The Tomatometer rating – based on the published opinions of hundreds of film and
television critics – is a trusted measurement of movie and TV programming quality
for millions of moviegoers. It represents the percentage of professional critic reviews
that are positive for a given film or television show.
From the Critics
From RT Users Like You!
The Tomatometer is 60% or higher.
The Tomatometer is 59% or lower.
Movies and TV shows are Certified Fresh with a steady Tomatometer of 75% or
higher after a set amount of reviews (80 for wide-release movies, 40 for
limited-release movies, 20 for TV shows), including 5 reviews from Top Critics.
Percentage of users who rate a movie or TV show positively.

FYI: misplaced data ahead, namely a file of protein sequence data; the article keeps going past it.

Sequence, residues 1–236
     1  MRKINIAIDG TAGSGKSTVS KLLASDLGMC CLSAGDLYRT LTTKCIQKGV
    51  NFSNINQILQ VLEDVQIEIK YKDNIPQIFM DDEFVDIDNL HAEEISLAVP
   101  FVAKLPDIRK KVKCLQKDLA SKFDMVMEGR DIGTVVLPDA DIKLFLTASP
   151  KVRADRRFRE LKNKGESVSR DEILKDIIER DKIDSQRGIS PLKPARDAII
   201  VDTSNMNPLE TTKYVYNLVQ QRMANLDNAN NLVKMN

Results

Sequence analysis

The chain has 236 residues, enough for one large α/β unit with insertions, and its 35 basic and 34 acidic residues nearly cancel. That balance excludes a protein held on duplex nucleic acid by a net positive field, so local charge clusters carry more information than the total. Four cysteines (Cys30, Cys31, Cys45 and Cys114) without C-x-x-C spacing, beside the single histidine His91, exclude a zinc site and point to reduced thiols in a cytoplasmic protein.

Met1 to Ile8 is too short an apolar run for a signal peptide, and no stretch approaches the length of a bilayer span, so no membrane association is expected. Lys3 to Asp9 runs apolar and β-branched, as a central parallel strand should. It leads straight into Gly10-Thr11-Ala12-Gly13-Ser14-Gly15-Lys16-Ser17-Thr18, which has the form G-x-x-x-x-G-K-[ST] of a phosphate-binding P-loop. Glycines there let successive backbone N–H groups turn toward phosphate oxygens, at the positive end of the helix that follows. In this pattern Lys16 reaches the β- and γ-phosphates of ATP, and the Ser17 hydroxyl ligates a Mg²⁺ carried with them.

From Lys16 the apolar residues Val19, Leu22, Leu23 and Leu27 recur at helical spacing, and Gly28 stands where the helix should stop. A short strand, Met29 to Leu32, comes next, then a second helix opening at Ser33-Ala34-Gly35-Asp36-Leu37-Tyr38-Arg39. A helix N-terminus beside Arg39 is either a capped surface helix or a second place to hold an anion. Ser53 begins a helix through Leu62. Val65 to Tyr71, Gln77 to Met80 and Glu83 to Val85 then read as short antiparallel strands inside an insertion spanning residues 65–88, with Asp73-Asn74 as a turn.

Actor John Banner was forced out of his native Austria in 1938 when Hitler marched in. Though most familiar to filmgoers and TV viewers as a man of considerable heft, he was a trim 180 pounds when, while touring with an acting troupe in Switzerland, he found he couldn't return to Austria because he was Jewish. Banner came to America as a refugee; though unable to speak a word of English, he was almost immediately hired as emcee for a musical revue, From Vienna, for which he had to learn all his lines phonetically. Picking up the language rapidly, Banner was cast in several films of the 1940s, starting with Pacific Blackout. Because of his accent and Teutonic features, he most often played Nazi spies -- a grim task, in that Banner's entire family in Austria was wiped out in the concentration camps. Tipping the scales at 280 pounds in the 1950s, Banner worked steadily as a character man in films and on television; he can be seen as a variety of foreign-official types on such vintage TV series as The Adventures of Superman and Rocky Jones, Space Ranger. In 1965, Banner was cast as Sgt. Schultz in the long-running wartime sitcom Hogan's Heroes. A far cry from the villainous Nazis he'd played in the 1940s, Schultz was a pixieish, lovable blimp of a man who'd rather have been working as a toymaker than spending the war guarding American POWS, and who, to protect his own skin, overlooked the irregularities occurring in Stalag 13 (which as every TV fan knows was Colonel Hogan's secret headquarters for American counterespionage) by bellowing "I know nothing! I see nothing! Nothing!" John Banner enjoyed playing Schultz, but bristled whenever accused of portraying a cuddly Nazi: "I see Schultz as the representative of some kind of goodness in every generation," the actor told TV Guide in 1967. As to the paradox of an Austrian Jew playing a representative of Hitler's Germany, Banner replied, "Who can play Nazis better than us Jews?" Or who could play them funnier than John Banner?